Air Greenland has cancelled all flights until at least Wednesday after going ahead with a threatened lock-out of its pilots and cabin crew in a dispute over pay and working hours.
The airline has also suspended all ticket sales for travel until 29 January in the dispute, which spokesman Jesper Egede says is costing the carrier 1 million Danish kroner ($175,000) a day.
Hopes on averting the dispute were pinned on last-minute talks through Denmark's Conciliation Board, which intervenes to try to find common ground between opposing sides in industrial conflicts. Greenland is a self-governing Danish dependancy.
However, according to Egede, the conciliator said on 8 January that he was unable to bridge the gap between the two sides. Air Greenland locked out its 106 pilots and 55 cabin crew yesterday. No further talks are currently planned.
The national carrier operates a single Airbus A330-200 on two routes from Narsarsuaq and Kangerlussuaq to Copenhagen, as well as Bombardier Dash 7 and Dash 8 turboprops, De Havilland DHC-6-300 Twin Otters plus a large helicopter fleet to connect some 60 communities within Greenland.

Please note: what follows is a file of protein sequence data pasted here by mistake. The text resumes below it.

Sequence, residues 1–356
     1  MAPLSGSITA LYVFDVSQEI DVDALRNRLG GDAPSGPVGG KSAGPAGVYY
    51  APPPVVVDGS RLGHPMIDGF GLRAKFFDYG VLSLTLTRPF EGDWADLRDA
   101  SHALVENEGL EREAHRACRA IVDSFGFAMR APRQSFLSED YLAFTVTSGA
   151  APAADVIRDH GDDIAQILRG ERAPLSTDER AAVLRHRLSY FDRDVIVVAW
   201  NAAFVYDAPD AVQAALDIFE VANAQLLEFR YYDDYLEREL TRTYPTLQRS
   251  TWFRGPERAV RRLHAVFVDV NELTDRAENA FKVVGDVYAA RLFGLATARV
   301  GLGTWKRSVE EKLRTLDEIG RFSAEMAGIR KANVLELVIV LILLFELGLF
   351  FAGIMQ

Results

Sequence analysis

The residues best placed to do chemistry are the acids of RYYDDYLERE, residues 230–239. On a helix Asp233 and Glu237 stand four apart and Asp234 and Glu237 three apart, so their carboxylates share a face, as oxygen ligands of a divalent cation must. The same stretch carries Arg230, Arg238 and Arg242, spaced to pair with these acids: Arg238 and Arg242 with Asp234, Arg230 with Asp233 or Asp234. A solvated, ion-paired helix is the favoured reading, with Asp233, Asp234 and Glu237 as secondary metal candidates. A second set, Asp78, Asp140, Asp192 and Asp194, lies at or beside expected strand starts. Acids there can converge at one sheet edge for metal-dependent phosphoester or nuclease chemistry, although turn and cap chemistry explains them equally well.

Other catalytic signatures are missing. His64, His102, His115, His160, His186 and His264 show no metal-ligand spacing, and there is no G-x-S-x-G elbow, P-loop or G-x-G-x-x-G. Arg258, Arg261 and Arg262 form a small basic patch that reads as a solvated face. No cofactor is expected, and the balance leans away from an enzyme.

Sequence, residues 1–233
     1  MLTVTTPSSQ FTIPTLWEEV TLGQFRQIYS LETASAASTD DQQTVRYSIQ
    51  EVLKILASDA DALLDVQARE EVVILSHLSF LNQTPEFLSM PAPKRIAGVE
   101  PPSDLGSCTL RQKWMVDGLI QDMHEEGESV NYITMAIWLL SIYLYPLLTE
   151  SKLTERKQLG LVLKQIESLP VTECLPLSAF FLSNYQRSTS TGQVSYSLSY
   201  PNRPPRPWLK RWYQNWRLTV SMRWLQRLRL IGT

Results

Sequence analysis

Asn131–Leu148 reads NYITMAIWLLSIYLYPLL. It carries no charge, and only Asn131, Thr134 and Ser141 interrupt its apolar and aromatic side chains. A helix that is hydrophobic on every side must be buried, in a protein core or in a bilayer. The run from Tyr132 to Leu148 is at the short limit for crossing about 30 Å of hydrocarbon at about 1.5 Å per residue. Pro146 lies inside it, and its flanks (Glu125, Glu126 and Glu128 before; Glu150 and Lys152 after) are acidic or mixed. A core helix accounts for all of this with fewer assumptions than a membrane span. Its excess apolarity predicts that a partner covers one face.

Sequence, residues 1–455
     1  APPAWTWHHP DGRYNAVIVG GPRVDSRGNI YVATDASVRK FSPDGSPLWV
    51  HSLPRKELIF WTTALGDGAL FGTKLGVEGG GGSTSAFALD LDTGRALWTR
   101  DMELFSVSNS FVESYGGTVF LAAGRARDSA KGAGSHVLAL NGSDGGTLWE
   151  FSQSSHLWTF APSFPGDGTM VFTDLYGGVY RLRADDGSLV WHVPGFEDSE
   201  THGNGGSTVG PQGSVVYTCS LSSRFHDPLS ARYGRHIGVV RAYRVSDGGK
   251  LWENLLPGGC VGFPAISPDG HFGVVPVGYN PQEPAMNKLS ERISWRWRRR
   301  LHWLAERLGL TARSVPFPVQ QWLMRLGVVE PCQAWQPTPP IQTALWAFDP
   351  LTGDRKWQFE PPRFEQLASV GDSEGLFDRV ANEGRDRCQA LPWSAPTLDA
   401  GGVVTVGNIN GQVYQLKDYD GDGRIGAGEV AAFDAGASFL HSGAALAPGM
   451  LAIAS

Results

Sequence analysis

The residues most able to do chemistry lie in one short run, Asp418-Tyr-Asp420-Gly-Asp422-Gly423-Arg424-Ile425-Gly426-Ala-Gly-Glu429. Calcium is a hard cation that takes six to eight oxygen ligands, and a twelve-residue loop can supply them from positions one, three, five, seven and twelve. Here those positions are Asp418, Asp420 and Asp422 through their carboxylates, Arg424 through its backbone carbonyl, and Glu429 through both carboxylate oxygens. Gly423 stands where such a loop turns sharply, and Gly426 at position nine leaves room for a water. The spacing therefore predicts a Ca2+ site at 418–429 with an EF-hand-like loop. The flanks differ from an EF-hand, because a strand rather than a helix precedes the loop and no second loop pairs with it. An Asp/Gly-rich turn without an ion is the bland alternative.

While the dispute continues, the airline and pilots have agreed that a single back-up aircraft will be available to carry out medical emergency flights within Greenland.
In a statement, Air Greenland managing director Michael Binzer says he deeply regrets the situation. "I am fully aware of the serious consequences that the conflict will have on our customers, our employees and society at large, but unfortunately it has not been possible to find a solution."
He adds that it is essential that Air Greenland's staff are more productive to improve the airline's competitiveness. He says the airline has offered higher wages and indexing, plus offered to meet other demands from aircrew. In return, the airline wants the average number of work days for pilots to rise from 192 to 198 days a year.